News & Resources
January News Roundup
Posted on Friday, February 1st, 2019 by Lina Eroh
Below is a roundup of some of the great work our grantees and Foundation staff accomplished in January 2019.
STEM Learning Ecosystems
STEM Learning Ecosystems were featured in Scientific American as an example of a way communities can promote more STEM experiences for young people.
Delran’s participation in the STEM Ecosystem Alliance was also highlighted as a key step in enhancing STEM education. The New Jersey district will spend about $1.8 million on the science, technology, engineering and mathematics fabrication lab, which includes a $20,000 grant from Overdeck Family Foundation.
The National Museum of Mathematics was featured in NY Metro Parents for its youth math outreach program, MoMath 2 Go: the Family Math Initiative, with a partnership with the Long Island Explorium in Port Jefferson. The program is designed to help families learn how to comfortably discuss math with preschool through second-grade children and to involve parents who may not have access to the latest in math education.
The cast of the Broadway musical Mean Girls hosted 100 middle school girls for brainteasers at the museum. The performers participated in a discussion about the role of math in Mean Girls and explored many themes of the musical, including students’ at times adversarial relationship with math and the importance of students showcasing their intelligence without fear of being judged.
A U.S. News article discusses the increasingly difficult task of accurately determining the number of low-income children and families in schools and districts. Matt Chingos, the head of the Center on Education Data and Policy at Urban Institute, is quoted throughout.
J-PAL launched the second education technology innovation competition (an Overdeck Family Foundation-led initiative) calling for non-profits, school networks, and educational agencies to partner with and evaluate tech-based solutions and instructional models that are aimed at improving learning outcomes. The partnership was announced in MIT News.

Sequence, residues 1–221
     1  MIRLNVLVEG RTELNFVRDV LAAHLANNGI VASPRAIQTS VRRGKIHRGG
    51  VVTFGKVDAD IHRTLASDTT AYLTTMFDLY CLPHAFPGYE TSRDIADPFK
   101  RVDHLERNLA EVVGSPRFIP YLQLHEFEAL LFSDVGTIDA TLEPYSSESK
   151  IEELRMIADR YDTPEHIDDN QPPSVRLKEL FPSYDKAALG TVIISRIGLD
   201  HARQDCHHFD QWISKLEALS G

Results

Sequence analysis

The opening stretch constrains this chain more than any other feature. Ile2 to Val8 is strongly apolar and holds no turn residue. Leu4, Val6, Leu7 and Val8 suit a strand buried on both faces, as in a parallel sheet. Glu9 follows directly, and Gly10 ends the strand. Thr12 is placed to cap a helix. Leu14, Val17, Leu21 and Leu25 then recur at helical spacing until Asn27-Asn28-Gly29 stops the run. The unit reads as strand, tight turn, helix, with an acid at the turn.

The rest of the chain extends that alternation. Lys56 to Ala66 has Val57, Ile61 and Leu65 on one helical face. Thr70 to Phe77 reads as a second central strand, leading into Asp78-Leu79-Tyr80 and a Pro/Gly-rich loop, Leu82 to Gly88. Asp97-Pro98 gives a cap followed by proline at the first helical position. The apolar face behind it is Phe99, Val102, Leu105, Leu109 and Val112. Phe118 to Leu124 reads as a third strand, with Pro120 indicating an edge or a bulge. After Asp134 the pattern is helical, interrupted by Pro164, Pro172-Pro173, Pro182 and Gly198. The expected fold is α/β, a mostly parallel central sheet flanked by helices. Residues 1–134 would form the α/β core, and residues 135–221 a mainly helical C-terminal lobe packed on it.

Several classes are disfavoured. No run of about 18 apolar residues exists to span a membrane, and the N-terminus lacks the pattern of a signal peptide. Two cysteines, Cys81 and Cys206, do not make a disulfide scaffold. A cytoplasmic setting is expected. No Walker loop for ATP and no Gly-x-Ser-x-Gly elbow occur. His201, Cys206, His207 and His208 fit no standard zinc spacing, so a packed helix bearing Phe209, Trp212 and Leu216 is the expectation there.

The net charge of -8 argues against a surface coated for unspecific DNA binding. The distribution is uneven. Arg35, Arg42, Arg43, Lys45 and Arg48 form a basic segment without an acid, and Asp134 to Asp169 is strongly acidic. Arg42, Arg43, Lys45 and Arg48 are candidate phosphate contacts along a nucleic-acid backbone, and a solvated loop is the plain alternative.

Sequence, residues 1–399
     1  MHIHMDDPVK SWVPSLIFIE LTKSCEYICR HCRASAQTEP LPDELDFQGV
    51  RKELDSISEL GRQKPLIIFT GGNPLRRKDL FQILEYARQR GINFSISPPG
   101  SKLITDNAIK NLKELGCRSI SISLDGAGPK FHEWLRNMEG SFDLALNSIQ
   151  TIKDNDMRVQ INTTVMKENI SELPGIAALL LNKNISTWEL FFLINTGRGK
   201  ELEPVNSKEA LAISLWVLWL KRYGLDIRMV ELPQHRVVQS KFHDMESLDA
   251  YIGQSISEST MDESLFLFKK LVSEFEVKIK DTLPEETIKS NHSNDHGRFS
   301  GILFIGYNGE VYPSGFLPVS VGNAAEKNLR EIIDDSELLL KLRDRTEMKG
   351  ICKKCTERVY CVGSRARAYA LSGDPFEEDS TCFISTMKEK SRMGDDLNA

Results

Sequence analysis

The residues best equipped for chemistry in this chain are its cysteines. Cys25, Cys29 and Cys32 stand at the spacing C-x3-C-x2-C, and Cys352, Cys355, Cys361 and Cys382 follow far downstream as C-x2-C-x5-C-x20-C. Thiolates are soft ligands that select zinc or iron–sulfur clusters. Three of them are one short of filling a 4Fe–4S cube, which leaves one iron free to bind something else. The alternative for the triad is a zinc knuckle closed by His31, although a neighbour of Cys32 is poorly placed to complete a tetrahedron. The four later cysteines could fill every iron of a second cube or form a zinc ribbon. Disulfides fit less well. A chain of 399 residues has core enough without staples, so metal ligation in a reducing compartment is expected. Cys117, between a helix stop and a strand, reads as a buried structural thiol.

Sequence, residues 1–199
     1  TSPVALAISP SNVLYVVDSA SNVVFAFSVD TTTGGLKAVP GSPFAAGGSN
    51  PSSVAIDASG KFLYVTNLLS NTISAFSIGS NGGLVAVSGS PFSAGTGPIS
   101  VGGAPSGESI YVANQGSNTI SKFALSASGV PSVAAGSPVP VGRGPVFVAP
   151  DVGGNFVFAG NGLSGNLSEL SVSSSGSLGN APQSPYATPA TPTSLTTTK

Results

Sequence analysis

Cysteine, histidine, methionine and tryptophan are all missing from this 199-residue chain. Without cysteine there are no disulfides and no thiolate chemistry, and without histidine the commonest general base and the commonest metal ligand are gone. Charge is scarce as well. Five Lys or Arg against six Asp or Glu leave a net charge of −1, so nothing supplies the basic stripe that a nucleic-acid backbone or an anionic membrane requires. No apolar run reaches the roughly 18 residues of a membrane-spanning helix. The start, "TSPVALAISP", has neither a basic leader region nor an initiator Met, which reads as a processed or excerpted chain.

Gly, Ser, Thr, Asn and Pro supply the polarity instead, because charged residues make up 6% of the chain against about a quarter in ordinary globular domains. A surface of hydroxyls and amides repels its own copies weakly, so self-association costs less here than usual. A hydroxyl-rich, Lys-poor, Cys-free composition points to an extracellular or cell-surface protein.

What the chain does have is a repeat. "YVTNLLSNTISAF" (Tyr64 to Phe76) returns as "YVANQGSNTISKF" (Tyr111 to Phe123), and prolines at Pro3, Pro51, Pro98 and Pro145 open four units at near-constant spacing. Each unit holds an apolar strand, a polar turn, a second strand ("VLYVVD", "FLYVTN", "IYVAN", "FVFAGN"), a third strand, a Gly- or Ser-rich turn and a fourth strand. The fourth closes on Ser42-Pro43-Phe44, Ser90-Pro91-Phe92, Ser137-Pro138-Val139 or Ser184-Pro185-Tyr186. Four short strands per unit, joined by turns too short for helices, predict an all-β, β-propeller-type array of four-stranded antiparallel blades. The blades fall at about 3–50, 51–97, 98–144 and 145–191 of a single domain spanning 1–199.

Afterschool Alliance outlined the effects of the federal government partial shutdown on afterschool programming. While the Department of Education funding streams were not affected, the Department of Agriculture funding for school lunch was quickly depleting, possibly forcing schools to cut from enrichment budgets to ensure kids are adequately fed.
An analysis of the 274,000 posted projects on DonorsChoose.org in 2018 showed STEM products and projects were in high demand. Thirteen percent of all requests on the site were labeled under “applied sciences,” compared to 10 percent in 2016, and projects in computer science and coding grew two-and-a-half times faster than projects in other fields during the last four years.
The Telegraph ran a profile of a Nurse-Family Partnership (NFP) visit in Macon, GA, focusing on the impact that one-on-one attention can have on a new mother. NFP has provided at-home prenatal and parenting support to nearly 500 Houston County families. Its goals are to improve pregnancy outcomes, boost child health and development, and help low-income parents achieve economic self-sufficiency.
The Overdeck Family Foundation-funded parentese study led by I-LABS was profiled in Brit+Co, a popular website for young moms and millennials. The article explored how parents can adopt the parentese style of speaking to better support their children’s language development.
Engineering is Elementary
The Hechinger Report highlighted the Engineering is Elementary curriculum and its ability to attract potential engineers before they get distracted by whether or not they fit the stereotype. Since 2003, more than 15 million 6- to 11- year-olds at thousands of schools across the country have been taught how to think like engineers using the curriculum.